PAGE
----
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The Vault

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Haskell Bohn, kidnapped for ransom in St. Paul in 1932 because he was heir to a refrigeration fortune, struck up an unlikely 'friendship' with his Sankey Gang captors, talking baseball and bull riding, according to police records exclusively obtained from a descendent by Forum News Service.
The mystery of who robbed a Wahpeton bank in September 1932, endured until the man bragged about it 40 years later. He was 'Public Enemy No. 1' and 'the scourge of the Midwest.'
Minnesota has its share of extreme weather: the Halloween blizzard of 1991, The Red River flooding of 1997, the Twin Cities tornado outbreak of 1965, the Comfrey-St. Peter tornado outbreak in 1998 and the 1999 'Boundary Waters Blowdown.'
"The part that is not resolved is not going to be resolved ever," the victim's daughter said after the sentencing. "He's obviously not going to admit to this at all, whatsoever."

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Jaden Woodworth describes his memories of his mother, and tells how police claims drove a wedge between him and his father -- and how Dakota Spotlight's debunking of those claims might help reconnect them.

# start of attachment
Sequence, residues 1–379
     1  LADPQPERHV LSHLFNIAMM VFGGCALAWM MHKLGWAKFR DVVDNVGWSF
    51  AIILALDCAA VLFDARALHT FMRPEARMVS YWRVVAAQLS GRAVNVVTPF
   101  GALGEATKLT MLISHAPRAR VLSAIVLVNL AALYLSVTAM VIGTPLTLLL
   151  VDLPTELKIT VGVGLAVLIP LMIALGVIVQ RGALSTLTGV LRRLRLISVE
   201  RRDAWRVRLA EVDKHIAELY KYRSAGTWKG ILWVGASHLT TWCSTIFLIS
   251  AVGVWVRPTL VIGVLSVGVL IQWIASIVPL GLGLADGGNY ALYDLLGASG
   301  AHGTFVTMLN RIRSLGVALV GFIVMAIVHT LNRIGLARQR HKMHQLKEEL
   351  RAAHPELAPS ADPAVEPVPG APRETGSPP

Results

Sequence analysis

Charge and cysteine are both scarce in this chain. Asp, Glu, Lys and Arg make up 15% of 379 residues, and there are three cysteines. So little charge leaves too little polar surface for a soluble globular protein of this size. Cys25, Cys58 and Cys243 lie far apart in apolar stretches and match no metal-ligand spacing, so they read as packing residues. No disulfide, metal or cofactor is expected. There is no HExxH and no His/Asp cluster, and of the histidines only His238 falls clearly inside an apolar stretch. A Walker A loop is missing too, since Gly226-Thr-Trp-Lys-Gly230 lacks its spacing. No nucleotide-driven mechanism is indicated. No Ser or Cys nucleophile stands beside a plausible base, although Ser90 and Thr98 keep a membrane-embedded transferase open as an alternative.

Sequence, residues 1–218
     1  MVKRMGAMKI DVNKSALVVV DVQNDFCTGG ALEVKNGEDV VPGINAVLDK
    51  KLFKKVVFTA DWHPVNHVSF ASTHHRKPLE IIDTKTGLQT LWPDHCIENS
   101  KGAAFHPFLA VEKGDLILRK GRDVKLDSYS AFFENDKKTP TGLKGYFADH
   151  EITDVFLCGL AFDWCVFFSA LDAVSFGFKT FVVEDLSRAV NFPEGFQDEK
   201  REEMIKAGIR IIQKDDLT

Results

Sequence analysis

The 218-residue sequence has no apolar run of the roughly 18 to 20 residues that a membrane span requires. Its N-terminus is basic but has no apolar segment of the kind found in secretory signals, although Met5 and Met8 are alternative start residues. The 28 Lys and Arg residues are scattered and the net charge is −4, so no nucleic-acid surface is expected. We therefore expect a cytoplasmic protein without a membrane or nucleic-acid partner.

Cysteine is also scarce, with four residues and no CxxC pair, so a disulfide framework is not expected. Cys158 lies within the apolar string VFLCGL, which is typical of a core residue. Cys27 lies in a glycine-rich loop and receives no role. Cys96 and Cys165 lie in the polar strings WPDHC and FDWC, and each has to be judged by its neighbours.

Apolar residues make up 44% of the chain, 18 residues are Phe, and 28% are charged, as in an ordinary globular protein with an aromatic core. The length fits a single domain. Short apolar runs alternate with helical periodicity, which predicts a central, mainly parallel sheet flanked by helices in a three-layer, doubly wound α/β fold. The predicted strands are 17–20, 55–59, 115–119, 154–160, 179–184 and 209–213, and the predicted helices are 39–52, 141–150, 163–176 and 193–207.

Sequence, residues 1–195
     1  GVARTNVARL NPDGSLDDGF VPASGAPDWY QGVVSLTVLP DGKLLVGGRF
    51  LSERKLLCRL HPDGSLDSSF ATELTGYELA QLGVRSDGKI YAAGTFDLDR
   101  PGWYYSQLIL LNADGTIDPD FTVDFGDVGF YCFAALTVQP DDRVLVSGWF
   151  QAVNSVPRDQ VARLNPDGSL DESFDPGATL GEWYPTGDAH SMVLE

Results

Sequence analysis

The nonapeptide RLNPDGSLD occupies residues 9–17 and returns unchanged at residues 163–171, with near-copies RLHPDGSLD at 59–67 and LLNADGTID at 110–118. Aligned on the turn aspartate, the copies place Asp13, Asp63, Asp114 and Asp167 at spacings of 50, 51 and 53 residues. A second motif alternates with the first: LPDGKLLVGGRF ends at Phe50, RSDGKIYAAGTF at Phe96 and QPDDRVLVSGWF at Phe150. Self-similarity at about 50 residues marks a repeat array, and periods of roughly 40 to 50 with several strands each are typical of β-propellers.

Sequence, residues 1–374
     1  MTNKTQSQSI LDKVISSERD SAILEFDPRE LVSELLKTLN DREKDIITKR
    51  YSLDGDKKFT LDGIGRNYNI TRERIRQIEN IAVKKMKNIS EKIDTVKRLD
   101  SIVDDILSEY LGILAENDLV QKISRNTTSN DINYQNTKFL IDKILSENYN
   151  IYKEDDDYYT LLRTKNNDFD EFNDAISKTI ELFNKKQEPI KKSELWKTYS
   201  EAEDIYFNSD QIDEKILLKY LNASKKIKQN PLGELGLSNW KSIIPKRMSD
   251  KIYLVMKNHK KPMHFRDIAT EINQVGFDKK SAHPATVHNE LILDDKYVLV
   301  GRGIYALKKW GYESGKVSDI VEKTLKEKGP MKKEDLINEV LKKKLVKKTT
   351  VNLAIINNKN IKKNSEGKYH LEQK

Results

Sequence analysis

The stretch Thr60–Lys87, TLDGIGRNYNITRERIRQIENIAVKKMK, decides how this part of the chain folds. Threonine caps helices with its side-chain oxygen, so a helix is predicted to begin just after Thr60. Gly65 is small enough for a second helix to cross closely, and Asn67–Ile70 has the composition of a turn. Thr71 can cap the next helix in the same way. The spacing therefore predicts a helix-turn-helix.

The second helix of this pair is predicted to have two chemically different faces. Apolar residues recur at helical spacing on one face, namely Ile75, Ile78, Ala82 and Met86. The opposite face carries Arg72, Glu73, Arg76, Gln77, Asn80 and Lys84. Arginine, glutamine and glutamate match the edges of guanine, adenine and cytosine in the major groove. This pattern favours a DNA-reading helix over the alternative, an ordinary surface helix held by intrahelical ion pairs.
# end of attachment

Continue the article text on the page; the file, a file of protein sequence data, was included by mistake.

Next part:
The son of Minnesota manufacturing millionaire, Haskell Bohn appeared to be a flashy guy. Unfortunately for the Bohn family in St. Paul, Bohn's flash caught the attention of the Sankey Gang, a notorious criminal organization housed out of neighboring Minneapolis.
“Waterville friends of the murderer said he could drop five quail with as many shots, and the unarmed wardens had no chance at all," said a contemporaneous newspaper account of the encounter.
Built deep within a wooded area on the outskirts of Duluth, the topography of the area was thought to be optimal for housing — and hiding away — patients who had contracted tuberculosis.
History is a huge part of the identity of the Dodge County seat of Mantorville, but even long-time locals are intrigued by the hidden past just off Main Street.
The All-American Girls Professional Baseball League, formed as male ball players were being drafted into the military for World War II efforts, allowed more than 600 female players a chance to shine and get a paycheck to play their game on a national stage. It was immortalized in popular culture by the movie "A League of Their Own" and a new streaming show by the same name.

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As Minnesota's territorial population exploded in the mid-1800s, workers began organizing and unionizing to fight for their rights, though it sometimes turned deadly.
James Butler "Wild Bill" Hickok was undoubtedly carrying at least one sidearm in the gold mining town of Deadwood in what was then Dakota Territory. So what happened to Hickok's gun?
Joel Lovelien, 38, was beaten to death outside of the Broken Drum Bar in Grand Forks the weekend before Halloween on Oct. 27, 2007, while in costume as a hockey player.

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